Video of the "Water Solutions For Our Changing Climate" event is HERE recorded Monday 1 November.
Water touches every aspect of our lives, from the food we eat and the energy we use to the ecosystems that surround us. Water resources, already under threat from the way humanity has developed and managed the resource to meet ever-growing and changing needs, are also being heavily impacted by climate change. Precipitation patterns have been altered, snow and ice melt faster, river flow patterns have shifted, and the hazards from floods and droughts appear almost daily in the press. To adapt to a change climate and mitigate global warming, water, the blue thread that binds so many aspects of our daily lives, urgently needs to be a central focus in climate change discussions in order to solve a range of inter-connected issues, including livelihoods, energy, food, and ecosystem preservation.
In conjunction with COP26 and jointly organized by the International Water Resources Association (IWRA), the University of Strathclyde, the University of Dundee, and OOSKAnews, a seminar entitled Water Solutions for Our Changing Climate will be held on 1 November at the Technology and Innovation Centre of the University of Strathclyde. With a goal of raising the profile of water in the climate discussions, the seminar will feature a series of discussions addressing solutions to water challenges that recognize the cross sectoral nature of water and the compounding threats of climate change.
The first session of the seminar will present case studies on nature-based solutions, one of the key themes of COP26 in Glasgow. Now more than ever, humanity must look to nature for solutions that both recognize the many values of nature and provide for human needs. Dr. Christopher Spray of the University of Dundee will describe the re-meandering of a river and the creation of new wetlands in Eddleston. Mihretab Gebretsadik of the National Graduate Institute for Policy Studies in Tokyo will give examples of the effect of afforestation on water management as a key contributor to climate adaptation and mitigation. Thaddeus Pawlowski of Columbia University’s Center for Resilient Cities and Landscapes will relate urban, water-focused efforts to build cities that are resilient to the stresses and shocks of climate change. David Duncan, Editor-in-Chief of OOSKAnews, will moderate the session.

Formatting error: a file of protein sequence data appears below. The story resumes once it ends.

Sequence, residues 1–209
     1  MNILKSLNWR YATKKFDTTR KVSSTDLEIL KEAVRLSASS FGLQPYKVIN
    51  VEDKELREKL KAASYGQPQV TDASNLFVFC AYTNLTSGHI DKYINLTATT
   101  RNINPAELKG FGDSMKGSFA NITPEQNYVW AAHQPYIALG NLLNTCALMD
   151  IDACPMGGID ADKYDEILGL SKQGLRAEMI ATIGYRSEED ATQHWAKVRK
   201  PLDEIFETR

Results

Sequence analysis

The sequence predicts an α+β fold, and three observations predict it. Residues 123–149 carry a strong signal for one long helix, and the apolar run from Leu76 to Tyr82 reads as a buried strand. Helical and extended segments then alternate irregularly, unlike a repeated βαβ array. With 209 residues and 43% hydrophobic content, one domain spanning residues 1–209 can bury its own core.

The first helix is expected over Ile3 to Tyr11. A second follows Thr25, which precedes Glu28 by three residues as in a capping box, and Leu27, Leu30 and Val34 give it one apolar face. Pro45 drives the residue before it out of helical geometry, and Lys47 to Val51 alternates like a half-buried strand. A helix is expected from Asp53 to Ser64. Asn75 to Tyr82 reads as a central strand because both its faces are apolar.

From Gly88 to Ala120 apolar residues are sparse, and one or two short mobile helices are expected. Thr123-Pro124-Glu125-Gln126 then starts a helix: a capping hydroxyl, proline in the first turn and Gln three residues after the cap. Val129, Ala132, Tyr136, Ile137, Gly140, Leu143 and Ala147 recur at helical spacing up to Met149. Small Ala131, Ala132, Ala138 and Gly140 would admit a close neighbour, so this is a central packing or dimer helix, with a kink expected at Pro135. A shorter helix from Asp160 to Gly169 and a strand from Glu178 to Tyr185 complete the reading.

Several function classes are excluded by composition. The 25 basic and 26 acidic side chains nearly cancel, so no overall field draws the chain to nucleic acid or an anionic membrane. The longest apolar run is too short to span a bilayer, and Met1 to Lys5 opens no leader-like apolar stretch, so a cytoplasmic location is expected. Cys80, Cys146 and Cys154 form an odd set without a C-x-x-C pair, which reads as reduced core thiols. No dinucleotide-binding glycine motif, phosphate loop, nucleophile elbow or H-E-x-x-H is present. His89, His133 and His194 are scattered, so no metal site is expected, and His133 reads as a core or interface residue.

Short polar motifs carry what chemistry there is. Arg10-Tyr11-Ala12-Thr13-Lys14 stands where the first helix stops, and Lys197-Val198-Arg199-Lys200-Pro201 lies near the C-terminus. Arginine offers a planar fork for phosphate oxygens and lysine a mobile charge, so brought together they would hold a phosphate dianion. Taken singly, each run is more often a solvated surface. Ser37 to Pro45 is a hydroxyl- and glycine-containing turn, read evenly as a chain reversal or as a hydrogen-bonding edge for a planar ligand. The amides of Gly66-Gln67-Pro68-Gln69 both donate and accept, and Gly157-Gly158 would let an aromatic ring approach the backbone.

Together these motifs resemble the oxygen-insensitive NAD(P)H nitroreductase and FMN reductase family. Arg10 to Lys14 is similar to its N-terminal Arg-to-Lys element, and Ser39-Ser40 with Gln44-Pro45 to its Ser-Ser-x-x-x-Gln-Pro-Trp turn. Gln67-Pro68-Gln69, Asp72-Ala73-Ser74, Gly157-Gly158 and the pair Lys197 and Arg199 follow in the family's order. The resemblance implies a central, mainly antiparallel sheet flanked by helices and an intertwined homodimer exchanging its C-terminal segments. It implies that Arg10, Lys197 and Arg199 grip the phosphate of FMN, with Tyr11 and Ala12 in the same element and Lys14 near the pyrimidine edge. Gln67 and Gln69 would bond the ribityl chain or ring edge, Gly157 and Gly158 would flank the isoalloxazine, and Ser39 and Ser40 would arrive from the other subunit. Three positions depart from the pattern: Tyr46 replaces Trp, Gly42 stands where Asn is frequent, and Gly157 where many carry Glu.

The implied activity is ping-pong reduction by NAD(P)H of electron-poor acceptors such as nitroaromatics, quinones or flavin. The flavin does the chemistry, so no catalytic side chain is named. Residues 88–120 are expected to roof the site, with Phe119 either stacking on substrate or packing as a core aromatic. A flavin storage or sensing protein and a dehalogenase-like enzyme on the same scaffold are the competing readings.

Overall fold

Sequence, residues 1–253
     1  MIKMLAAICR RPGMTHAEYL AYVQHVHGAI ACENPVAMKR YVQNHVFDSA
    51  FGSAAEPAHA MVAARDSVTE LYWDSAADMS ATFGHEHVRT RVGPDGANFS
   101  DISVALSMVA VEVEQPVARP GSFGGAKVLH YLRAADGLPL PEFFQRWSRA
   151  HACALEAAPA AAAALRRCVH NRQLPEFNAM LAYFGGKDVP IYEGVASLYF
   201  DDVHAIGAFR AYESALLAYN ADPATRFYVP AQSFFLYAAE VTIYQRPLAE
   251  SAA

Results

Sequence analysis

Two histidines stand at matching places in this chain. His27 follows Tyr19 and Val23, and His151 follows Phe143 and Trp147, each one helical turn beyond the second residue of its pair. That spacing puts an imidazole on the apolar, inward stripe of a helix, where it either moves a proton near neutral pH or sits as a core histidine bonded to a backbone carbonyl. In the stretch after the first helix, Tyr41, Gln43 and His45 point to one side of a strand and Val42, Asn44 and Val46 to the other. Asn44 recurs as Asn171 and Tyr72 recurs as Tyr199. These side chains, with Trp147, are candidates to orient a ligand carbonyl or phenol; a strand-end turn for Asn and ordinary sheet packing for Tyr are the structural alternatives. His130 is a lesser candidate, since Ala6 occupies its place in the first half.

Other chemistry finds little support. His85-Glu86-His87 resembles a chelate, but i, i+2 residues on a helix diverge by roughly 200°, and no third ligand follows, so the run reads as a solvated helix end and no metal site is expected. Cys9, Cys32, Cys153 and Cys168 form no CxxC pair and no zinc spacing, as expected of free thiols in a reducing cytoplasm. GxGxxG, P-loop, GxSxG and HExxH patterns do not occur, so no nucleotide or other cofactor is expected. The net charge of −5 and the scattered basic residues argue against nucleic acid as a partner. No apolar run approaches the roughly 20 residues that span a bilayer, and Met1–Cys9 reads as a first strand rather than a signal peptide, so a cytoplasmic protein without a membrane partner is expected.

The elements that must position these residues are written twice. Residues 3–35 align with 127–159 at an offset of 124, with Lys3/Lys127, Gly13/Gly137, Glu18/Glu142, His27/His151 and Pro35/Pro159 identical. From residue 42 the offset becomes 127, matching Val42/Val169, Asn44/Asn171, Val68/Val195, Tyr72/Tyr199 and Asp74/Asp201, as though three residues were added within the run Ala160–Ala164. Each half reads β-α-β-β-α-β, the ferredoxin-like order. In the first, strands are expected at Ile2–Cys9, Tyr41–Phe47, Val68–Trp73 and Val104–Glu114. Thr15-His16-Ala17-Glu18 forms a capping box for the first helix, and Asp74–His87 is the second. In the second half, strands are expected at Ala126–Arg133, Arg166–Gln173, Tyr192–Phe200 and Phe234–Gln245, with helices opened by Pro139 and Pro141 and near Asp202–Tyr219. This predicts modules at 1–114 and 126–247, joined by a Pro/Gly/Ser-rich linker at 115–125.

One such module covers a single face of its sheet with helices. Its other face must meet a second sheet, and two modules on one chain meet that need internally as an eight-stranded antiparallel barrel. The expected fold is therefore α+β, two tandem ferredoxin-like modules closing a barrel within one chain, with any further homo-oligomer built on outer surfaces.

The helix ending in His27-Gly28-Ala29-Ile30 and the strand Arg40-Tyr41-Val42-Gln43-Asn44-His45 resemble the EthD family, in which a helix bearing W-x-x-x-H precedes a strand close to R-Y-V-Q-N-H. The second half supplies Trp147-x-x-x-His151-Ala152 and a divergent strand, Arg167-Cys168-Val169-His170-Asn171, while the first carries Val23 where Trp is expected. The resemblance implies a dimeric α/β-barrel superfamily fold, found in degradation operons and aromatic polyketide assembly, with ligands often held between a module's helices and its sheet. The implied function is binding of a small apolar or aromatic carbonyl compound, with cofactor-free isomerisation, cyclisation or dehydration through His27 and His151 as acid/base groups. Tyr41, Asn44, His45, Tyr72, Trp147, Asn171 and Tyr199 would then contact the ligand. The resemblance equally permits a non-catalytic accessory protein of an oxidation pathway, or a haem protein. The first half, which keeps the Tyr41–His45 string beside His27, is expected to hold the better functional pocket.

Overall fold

The second session, moderated by David Molden of the International Water Resources Association, will be forward-looking, highlighting the need to anticipate impacts of climate change and to develop new and innovative solutions for the future. Barry Grieg, Senior Policy Advisor / Hydro Nation Manager at Scottish Government Water Industry Team, will present details on Scotland’s plan to achieve net zero emissions and the involvement of and impact on water resources in achieving that goal.
Both scientists and policymakers are considering employment of different geo-engineering technologies to reduce global warming, such as atmospheric dimming and carbon removal, which are likely to impact water resources in ways that are difficult to anticipate. Singapore has long been a leader in providing water security through successful management of its scarce water, and Cecilia Tortajada of the University of Glasgow will summarize some of the water-focused technological innovation in Singapore. In addition, with water scarcity looming, securing water through access to untraditional sources has become increasingly attractive. Dr. Renée Martin-Nagle of A Ripple Effect will describe various types of unconventional water resources and possible governance regimes.
Finally, Netra Chhetri of Arizona State University will describe the potential effects on the hydrological cycle of geo-engineering designed to mitigate climate change.
Gabriel Eckstein, President of the International Water Resources Association, will provide opening remarks and, along with Raya Stephan, Deputy Editor-in-Chief of Water International and Water Law Consultant, will close the seminar with summaries, comparisons and insights. Participants who are present at the event will be invited on a field trip to Eddleston to witness sustainable management of wetlands.